At Dallas Makerspace, All the Tools (and Friends) You Need to Make the Stuff You Want

Sandwiched between a (possibly abandoned?) animal hospital and some empty warehouses in Northwest Dallas is a little nerd haven that's easy to miss if you're not looking for it: Dallas Makerspace.

Makerspace is like a hippie collective, but instead of sitting around and playing the banjo they sit around and play with laser cutters. It's a nonprofit where $35 to $50 a month buys you a membership, licensing you to do crazy cool shit like this:

It's a laissez-faire organization where committees (aerospace, 3-D fabrication, etc.) are formed by simply signing up, and committee chairs are verbally appointed. It's open 24/7 to its 200-plus members, but the public can attend any one of the offered classes, including Foto Friday and robot building.

I stopped by on a recent Wednesday and stumbled into a subversive knitting class called stitch-n-bitch, where an eclectic mix of women were learning about yarn bombing -- knitting that involves clandestinely taking measurements of an object, knitting in secret, then covering said object, usually a statue, tree, etc.

It was a little confusing, actually: Makerspace likens itself to a hakerspace, a community where people with common interests, typically techie interests, share ideas and tools. Knitting doesn't scream "technical."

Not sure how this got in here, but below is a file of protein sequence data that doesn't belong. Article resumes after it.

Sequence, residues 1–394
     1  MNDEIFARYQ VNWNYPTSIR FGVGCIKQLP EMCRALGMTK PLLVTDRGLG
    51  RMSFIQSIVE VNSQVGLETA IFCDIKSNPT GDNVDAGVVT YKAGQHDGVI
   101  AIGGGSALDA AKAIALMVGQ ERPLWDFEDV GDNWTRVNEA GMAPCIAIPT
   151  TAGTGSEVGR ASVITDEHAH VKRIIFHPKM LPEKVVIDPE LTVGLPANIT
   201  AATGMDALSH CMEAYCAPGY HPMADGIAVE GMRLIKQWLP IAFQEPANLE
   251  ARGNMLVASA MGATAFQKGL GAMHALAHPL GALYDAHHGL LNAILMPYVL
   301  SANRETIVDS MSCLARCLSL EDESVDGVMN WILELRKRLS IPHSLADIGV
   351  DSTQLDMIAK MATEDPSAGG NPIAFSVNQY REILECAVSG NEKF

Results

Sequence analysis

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But as Robert Davidson, one of five elected board members, gave me the official tour, I learned to expect the unexpected.

First stop was the new bio space. Makerspace is expanding and just acquired three new classrooms with hopes of taking over the whole building. In the bio room, Andrew Floyd, the bio committee chair, explained that he's working on making kimchi, a type of Korean pickle, and the committee is in the process of brewing their own mead. Three donated fish tanks are on the way, so Makerspace can start growing moss on the building and grow algae for biofuel.

Next we passed through a storage space that houses a pottery wheel, giant fan and computers, among other things. Storage leads to a giant garage-workshop. The workshop is sectioned off into areas like automotive, where members can work on their auto repair skills via donated cars. There's a woodworking area with more than dozen saws, a metalworking section complete with a plasma cutter and a blacksmithing section. There were about a dozen dudes hanging around, working on projects, and it was clear most of them are friends.

Moving indoors, we came to the electronics rooms, where the motto is, "If you want to build something, build something." (Like, say, an oscilloscope.) There's a 3-D printing room, arts and crafts room and a laser cutter casually situated in the hallway.

If you're well-read thief and are thinking about ripping the place off, think again: Makerspace has a security system called Mother that can lock the doors and talk to you. Plus, why steal it when you can just show up and use it with fellow nerds?

Stop by Makerspace at 7 p.m. Thursdays, when meetings are open to the public; no previous tech knowledge required.


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